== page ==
Opposition politicians in Kyrgyzstan serving prison sentences on charges of coup-plotting have been on hunger strike for the past two weeks in an attempt to force the resignation of the man they say is responsible for their jailing.
Ernest Karybekov, Bektur Asanov and Kubanychbek Kadyrov — all once prominent politicians on the national scene — have been serving their sentences at Bishkek’s Penal Colony No. 47 since last April. Karybekov was handed a 20-year term on charges of attempting to violently seize power, while the other two were ordered to serve 12 years apiece.
Karybekov, Asanov and Kadyrov’s supporters say they began their hunger strike at the end of January. They are refusing to consume anything other than water until the head of the State Committee for National Security, Abdil Segizbayev, agrees to tender his resignation, they have said.
“They believe that Segizbayev prevented a fair and impartial trial. The hearings were closed and they [the authorities] simply concealed the fact that they lacked any evidence for the accusations they were leveling — of plots to seize power and treason,” Zulfiya Marat, chairman of the Committee for the Protection of Political Prisoners rights group, said on February 13.
Marat said that of the three, Asanov appears to be in the worst physical condition. Asanov’s wife said he was unable to get to the meeting in the visitation area without assistance from prison guards when she visited recently.
The prisoners have warned they will step up their protest from February 15 by refusing to be placed on saline drips and allowing injections if there is no reaction from the security services or parliament.
In a development that critics of the government said was politically motivated, numerous opposition figures began to be targeted with prosecutions over the past two year. Some analysts had argued that the authorities were eager to smooth the way before the October presidential election in order to avoid unexpected surprises. Almazbek Atambayev was required to step down, having served his single permitted six-year term, creating an element of uncertainty. In the event, Atambayev’s close ally Sooronbai Jeenebekov was elected as the new president in a single round in the October 15 contest by garnering 54 percent of votes cast, surprising the many political observers who had anticipated a runoff.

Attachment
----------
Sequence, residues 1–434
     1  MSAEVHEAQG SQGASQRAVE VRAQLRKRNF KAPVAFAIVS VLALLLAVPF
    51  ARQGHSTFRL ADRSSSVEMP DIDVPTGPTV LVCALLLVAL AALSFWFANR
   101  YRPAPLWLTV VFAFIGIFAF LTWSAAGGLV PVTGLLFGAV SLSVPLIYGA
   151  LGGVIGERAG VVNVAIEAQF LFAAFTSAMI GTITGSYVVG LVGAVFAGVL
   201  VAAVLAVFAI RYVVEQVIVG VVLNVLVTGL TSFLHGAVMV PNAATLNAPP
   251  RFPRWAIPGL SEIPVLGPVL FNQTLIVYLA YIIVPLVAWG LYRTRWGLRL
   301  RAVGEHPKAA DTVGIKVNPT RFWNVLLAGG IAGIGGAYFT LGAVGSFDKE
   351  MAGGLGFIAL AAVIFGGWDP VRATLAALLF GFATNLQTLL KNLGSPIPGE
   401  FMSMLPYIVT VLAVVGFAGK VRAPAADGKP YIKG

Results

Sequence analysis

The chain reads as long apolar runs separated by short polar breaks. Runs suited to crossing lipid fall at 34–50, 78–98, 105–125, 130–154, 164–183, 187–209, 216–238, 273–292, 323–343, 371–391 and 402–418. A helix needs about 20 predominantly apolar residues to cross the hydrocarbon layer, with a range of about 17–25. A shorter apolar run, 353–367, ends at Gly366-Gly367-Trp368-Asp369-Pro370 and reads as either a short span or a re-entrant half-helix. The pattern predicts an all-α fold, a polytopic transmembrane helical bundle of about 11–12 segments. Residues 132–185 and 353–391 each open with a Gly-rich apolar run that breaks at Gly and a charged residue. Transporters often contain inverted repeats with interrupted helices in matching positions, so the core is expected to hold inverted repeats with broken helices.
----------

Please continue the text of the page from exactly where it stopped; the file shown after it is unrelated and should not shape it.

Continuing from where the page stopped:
“The authorities unleashed this widespread terror on the eve of the elections, so that nobody would oppose them. And now this trend, which began to take shape under Atambayev, is continuing. This is a mechanism that will not stop. And this is a massive problem,” Marat said.
Asanov and Kadyrov were detained by the authorities following the appearance online in March 2016 of wiretapped conversations appearing to document plotting by representatives of a cluster of regionally focused opposition groups. The speakers are purportedly heard to discuss ways in which to foment unrest. In one call, the speakers reveal their intent to “bring people onto the streets” and to “seize the White House,” the name of the government building that also houses the parliament.
A few days after that recording was posted online, yet another one surfaced that featured Karybekov and another veteran politician, the 70-year-old former head of the state gold agency Dastan Sarygulov. Karybekov admitted that the recordings were partially genuine but said that what was uploaded to the internet had been heavily doctored.
Sarygulov was handed a four-year jail term. Three of those years were conditional and he was allowed to serve his sentence at home.